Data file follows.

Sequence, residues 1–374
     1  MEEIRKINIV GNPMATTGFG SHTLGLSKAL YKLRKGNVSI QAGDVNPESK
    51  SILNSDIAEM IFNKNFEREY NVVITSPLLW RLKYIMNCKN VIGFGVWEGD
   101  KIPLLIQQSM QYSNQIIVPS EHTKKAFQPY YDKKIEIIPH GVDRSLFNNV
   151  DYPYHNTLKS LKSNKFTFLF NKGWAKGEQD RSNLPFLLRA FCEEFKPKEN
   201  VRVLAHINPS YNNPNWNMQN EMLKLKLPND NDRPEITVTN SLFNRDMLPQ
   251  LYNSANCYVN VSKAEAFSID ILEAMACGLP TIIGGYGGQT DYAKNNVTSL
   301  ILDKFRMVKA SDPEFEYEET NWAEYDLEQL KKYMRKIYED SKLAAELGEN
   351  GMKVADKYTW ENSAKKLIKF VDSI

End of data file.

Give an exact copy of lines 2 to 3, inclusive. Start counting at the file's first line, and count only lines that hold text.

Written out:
     1  MEEIRKINIV GNPMATTGFG SHTLGLSKAL YKLRKGNVSI QAGDVNPESK
    51  SILNSDIAEM IFNKNFEREY NVVITSPLLW RLKYIMNCKN VIGFGVWEGD